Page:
7 Training Mistakes To Avoid

7 Training Mistakes To Avoid

June 26, 2017

Training for a race takes time, discipline, and consistent work. While it may seem tempting to take a few short cuts along the way, it almost always affects your performance later. Find out about seven common training mistakes you should avoid if you want to be able to give it your very best effort on race day.

  1. Trying to do too much, too soon. Don't try to run 15 miles during your first week of marathon training if you are a first-timer. Be honest with yourself about your fitness level and running experience. Talk to a professional running coach or follow a reputable training program that will help you gradually work up to your pace and distance goals.
  1. Skipping your warm-up routine. Don't be in such a hurry to run that you skip your warm-up. A good warm-up routine will not only help lower your risk of injury, it will gradually bring up your heart rate and make it easier to fall into a sustainable cadence. Include dynamic stretches, strides, and walking into your warm-up routine whenever possible.
  1. Staying too comfortable. Don't stick to the same comfortable running routine. Break out of your "comfort zone" by mixing up your training with different types of running challenges like intervals, tempo runs, or hills. You might be surprised by how much this contributes to better performance.
  1. Ignoring pain. Pain is your body sending you a sign that something isn't right. Heed the signs; don't ignore them. When you listen to your body and avoid running through pain you can help prevent serious or long-term injury. Find out what is causing the pain, and then take the appropriate actions so that you can heal properly.
  1. Not cross-training. As a runner, your best protection against injury is a strong body. Do your best to work in other activities such as cycling, swimming, or strength training. Consistent cross-training can help you maintain strong muscles, ligaments, and tendons.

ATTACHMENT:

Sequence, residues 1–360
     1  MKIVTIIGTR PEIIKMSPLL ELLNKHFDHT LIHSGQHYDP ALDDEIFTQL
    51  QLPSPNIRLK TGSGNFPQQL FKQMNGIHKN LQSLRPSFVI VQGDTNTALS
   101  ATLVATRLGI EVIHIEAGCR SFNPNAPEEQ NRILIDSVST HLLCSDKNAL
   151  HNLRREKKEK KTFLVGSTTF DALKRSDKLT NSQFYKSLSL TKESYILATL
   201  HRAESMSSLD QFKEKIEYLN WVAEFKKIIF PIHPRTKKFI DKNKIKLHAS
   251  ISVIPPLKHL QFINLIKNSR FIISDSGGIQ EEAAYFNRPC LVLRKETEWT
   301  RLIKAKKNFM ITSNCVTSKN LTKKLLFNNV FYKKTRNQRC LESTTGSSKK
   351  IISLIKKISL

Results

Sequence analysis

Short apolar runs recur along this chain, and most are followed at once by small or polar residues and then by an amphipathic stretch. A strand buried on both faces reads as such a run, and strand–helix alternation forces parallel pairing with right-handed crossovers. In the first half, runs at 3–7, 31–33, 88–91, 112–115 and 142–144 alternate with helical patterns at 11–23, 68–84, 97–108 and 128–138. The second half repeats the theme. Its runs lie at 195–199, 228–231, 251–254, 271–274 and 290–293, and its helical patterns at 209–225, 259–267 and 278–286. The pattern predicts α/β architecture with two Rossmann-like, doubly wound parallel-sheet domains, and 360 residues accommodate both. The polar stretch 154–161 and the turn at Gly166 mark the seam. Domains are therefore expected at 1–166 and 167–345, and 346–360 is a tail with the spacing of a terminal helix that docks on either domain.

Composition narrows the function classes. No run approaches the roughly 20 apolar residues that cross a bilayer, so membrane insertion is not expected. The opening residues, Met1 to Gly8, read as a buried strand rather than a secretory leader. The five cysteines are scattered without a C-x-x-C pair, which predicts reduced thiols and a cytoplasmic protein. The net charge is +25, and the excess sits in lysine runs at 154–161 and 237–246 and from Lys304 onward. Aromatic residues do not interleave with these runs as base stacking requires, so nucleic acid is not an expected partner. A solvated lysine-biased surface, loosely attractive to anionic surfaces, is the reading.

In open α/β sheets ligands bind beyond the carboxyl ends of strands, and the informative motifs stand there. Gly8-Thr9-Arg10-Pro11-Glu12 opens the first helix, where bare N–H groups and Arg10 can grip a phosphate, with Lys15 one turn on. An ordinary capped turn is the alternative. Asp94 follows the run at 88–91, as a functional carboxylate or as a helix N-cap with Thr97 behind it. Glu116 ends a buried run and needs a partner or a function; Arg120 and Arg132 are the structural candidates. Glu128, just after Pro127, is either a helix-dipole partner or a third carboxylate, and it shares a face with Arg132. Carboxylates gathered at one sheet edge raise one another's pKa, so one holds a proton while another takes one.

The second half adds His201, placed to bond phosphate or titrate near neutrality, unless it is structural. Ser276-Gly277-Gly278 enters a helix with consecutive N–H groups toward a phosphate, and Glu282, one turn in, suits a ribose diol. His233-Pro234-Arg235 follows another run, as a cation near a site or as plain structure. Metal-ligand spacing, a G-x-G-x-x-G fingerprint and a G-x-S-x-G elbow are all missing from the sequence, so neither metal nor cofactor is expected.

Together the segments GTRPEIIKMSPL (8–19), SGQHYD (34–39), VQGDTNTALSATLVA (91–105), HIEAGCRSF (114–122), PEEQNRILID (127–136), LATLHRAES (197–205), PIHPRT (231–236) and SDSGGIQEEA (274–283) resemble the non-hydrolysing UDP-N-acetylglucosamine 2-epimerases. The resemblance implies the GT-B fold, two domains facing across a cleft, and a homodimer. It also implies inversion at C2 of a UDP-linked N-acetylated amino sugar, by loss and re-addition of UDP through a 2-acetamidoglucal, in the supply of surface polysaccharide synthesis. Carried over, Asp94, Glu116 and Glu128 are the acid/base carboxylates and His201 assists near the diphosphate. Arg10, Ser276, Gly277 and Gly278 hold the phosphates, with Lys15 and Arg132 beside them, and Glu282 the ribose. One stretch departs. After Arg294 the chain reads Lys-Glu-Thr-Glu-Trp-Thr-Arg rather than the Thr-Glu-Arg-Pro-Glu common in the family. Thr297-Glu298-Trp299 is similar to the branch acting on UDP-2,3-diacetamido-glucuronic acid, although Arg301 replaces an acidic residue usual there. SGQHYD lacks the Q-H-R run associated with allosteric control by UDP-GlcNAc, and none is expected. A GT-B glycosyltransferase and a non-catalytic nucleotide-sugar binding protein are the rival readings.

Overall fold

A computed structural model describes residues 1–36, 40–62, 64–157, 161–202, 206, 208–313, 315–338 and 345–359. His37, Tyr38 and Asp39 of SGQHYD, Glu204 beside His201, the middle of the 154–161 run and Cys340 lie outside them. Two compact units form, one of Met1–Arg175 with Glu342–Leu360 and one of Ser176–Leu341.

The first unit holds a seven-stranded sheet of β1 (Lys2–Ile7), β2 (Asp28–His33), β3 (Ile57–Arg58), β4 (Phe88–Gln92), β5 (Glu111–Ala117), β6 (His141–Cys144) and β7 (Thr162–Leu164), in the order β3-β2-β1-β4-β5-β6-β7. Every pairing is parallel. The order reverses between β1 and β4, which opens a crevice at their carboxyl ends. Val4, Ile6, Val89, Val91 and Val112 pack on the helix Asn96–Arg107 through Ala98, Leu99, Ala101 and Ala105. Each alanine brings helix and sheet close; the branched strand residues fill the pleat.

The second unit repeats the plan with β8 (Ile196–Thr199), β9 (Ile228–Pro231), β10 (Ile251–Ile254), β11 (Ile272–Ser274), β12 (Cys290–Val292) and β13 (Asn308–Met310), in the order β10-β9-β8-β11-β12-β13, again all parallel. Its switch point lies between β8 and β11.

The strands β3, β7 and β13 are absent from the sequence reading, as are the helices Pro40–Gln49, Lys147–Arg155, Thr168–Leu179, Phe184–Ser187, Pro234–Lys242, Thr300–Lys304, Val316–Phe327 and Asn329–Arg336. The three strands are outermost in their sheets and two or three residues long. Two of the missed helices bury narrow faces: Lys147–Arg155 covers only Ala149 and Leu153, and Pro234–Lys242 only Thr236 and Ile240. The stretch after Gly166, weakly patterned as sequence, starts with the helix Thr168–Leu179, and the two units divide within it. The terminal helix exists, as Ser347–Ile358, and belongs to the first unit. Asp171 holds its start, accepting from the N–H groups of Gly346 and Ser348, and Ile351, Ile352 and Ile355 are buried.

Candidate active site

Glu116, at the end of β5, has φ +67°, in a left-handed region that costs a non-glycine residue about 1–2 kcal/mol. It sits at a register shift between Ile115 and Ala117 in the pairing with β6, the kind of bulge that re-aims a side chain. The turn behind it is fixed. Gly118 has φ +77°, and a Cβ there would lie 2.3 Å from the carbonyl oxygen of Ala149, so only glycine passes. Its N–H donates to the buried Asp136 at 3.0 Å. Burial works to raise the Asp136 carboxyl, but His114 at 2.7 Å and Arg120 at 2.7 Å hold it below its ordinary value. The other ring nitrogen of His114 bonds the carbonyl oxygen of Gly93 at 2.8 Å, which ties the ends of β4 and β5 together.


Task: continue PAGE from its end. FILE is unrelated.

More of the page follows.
1. Wearing worn shoes. Don't wear running shoes that are ready to retire. Most experts agree that you should replace your running shoes every 300 to 500 miles. If the treads are worn or your sock is popping through the toe box, you need new shoes. When in doubt, swap them out for a new pair.
  1. Not fueling your body properly. Don't expect your body to perform at its best if you aren't filling it with premium fuel. Skip the sugary sodas, greasy chips, and alcoholic beverages. Instead, fuel your body with plenty of fresh produce, lean meat, and healthy fats.
Now that you know which training mistakes to avoid, remember to stay focused and get your runs done. You can also share your training and race day photos with us on our Run's Done Facebook page or by tagging us in your Instagram photos @runsdone. We can't wait to see photos of your sweaty smile as you cross the finish line!

Debbie Hanson is an award-winning freelance writer, blogger, and runner based in Estero, Florida. Her publishing credits include several outdoor-related web sites and magazines including USA Today. In addition to multiple 5K running events, she has completed the First Watch Sarasota Half Marathon, Naples Daily News Half Marathon, and looks forward to tackling her first full marathon within the next two years.





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